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Exhibit shows Tibet's development

[ 2009-03-09 14:02]     字号 [] [] []  
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National People's Congress (NPC) deputies from all five provinces and autonomous regions with many ethnically Tibetan inhabitants, who are in Beijing for the ongoing NPC session, attended an exhibition on the 50th anniversary of Tibet's Democratic Reform yesterday.

The free exhibition at the Cultural Palace of Nationalities opened on February 24 and runs until April 10. Most of the deputies are from the Tibet autonomous region, as well as Sichuan, Yunnan, Gansu and Qinghai provinces.

Foreign diplomats and journalists were invited to a grand evening performance by the Tibetan Song-and-Dance Troupe entitled “Tibet in Heaven” at the China Grand Theater.

Featuring many photographs, objects, documents, videos and sculptures, the ongoing exhibition showcases the last 50 years of development, during which time Tibet has moved from poverty to affluence, dictatorship to democracy, and isolation to opening-up, according to Xinhua News Agency.

Among items on display in the exhibition is a copy of a letter from the old Tibet government in the early 1950s. It reads: "To celebrate the (14th) Dalai Lama's birthday, all the staff ... would chant the sutra. To successfully complete this ceremony, some special food would be thrown to the animals. Thus, a corpus of wet intestine, two skulls, many kinds of blood and a full human skin were urgently needed, all of which must be promptly delivered."

Qiangba Puncog, chairman of the Tibet autonomous region's government, called the exhibition - intended to showcase Tibet's achievements over the past 50 years - an achievement in itself.

"As a contributor to Tibet's development, I have a strong sense of personal participation," he said.

"I hope more such exhibitions could be arranged for people of all ethnicities, and from all sectors and all countries.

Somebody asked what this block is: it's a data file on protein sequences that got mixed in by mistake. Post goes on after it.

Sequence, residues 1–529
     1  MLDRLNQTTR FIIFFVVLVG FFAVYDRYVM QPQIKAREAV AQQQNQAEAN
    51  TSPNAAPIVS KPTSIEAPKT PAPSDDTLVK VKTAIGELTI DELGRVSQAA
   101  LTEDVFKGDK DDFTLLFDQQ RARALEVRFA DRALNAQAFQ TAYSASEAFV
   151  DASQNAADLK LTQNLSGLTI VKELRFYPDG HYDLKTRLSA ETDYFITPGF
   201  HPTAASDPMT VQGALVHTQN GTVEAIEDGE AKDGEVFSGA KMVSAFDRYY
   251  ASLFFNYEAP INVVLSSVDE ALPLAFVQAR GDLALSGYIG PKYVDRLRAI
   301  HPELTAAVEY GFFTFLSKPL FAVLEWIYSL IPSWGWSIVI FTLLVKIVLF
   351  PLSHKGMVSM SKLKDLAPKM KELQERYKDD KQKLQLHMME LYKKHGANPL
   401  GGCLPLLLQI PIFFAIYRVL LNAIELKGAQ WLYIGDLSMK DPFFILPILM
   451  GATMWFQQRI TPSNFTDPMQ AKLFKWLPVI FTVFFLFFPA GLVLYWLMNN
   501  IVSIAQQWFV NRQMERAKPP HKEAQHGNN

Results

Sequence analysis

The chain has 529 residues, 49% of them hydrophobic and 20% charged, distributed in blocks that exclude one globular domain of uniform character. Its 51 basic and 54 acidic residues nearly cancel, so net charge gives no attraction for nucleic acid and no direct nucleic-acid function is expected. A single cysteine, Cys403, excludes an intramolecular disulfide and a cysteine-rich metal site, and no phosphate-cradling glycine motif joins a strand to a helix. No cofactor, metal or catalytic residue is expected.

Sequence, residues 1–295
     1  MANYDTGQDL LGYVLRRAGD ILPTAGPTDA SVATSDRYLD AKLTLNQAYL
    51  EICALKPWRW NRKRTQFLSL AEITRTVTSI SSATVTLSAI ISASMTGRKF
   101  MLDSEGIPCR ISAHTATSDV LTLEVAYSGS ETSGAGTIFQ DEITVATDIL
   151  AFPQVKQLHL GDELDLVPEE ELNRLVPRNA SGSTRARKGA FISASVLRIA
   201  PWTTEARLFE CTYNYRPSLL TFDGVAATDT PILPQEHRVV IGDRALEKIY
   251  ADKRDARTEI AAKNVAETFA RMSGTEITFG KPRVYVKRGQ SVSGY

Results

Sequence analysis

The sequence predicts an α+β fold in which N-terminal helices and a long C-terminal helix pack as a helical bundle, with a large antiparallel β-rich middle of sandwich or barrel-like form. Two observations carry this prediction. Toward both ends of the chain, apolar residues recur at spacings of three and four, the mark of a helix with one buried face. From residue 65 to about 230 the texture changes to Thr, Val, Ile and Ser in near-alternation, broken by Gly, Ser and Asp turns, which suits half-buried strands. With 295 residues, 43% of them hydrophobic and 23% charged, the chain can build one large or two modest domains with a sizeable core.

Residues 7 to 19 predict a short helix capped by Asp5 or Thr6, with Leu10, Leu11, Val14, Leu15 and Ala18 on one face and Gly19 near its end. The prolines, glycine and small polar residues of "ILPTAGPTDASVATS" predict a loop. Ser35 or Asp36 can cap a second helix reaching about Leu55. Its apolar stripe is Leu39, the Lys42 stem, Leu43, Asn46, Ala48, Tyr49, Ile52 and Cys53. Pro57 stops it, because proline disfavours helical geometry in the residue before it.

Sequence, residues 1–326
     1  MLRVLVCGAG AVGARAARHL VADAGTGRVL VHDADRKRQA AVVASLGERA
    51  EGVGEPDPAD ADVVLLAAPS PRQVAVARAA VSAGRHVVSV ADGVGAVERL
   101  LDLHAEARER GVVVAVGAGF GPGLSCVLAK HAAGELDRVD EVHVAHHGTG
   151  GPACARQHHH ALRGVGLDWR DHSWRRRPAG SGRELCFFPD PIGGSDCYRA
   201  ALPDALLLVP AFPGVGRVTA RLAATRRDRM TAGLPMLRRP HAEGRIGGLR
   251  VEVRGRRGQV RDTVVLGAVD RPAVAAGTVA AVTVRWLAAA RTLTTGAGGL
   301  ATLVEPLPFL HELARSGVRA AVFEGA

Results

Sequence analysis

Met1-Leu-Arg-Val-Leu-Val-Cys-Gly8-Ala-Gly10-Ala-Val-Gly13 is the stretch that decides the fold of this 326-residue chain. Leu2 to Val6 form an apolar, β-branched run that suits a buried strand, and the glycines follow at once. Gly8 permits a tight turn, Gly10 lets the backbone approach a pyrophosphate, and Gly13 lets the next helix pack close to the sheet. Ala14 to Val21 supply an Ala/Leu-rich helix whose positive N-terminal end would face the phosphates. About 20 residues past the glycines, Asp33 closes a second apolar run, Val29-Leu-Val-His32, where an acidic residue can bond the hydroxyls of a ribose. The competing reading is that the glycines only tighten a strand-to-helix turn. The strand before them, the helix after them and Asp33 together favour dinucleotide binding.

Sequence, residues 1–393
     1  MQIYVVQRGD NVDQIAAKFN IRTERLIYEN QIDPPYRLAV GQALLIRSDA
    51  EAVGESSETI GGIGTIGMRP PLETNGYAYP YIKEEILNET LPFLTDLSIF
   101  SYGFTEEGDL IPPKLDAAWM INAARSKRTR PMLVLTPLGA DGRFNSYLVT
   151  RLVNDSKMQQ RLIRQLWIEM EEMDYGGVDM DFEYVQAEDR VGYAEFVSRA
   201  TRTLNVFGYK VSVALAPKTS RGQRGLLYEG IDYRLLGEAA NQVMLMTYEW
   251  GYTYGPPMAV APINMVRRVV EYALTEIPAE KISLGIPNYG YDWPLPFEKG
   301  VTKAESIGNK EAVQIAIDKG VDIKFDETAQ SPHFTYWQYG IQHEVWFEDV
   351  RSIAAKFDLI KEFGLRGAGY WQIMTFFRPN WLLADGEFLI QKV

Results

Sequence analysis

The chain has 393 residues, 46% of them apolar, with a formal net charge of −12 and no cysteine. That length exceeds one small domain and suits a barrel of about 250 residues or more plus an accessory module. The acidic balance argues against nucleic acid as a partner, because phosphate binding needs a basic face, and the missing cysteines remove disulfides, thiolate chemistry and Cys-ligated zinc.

"I hope they can come on site to learn about the real situation in Tibet - the region's gruesome and dark past, and the vast changes since then."

Tibet abolished serfdom in March 1959. That year, the central government began the Democratic Reform, emancipating serfs, who accounted for 95 percent of old Tibet's 1 million people, allowing them to work their own fields for the first time.

Legqog, chairman of the standing committee of the autonomous region's people's congress and a former serf, said old Tibet had "an extremely pitiful" human rights record.

"The Democratic Reform in Tibet is an important chapter in the history of global human rights development," the 65-year-old said.

"Its implications are no less than those of the abolitions of serfdom in the United States and Europe.Exhibitions and more comprehensive lessons are crucial to the education of our younger generations," he added.

Tibet is set to celebrate its first Serfs Emancipation Day on March 28 - two months after its 382 legislators unanimously endorsed a bill adding the holiday to the calendar during the local people's congress' annual session in Lhasa.


1. Where is the exhibition being held?

2. Name three things the exhibit will feature.

3. When did Tibet abolish serfdom?


1. At the Cultural Palace of Nationalities

2. Any of the following: photographs, objects, documents, videos and sculptures.

3. March 1959.

(英语点津 Helen 编辑)

Exhibit shows Tibet's development

About the broadcaster:

Exhibit shows Tibet's development

Nancy Matos is a foreign expert at China Daily Website. Born and raised in Vancouver, Canada, Nancy is a graduate of the Broadcast Journalism and Media program at the British Columbia Institute of Technology. Her journalism career in broadcast and print has taken her around the world from New York to Portugal and now Beijing. Nancy is happy to make the move to China and join the China Daily team.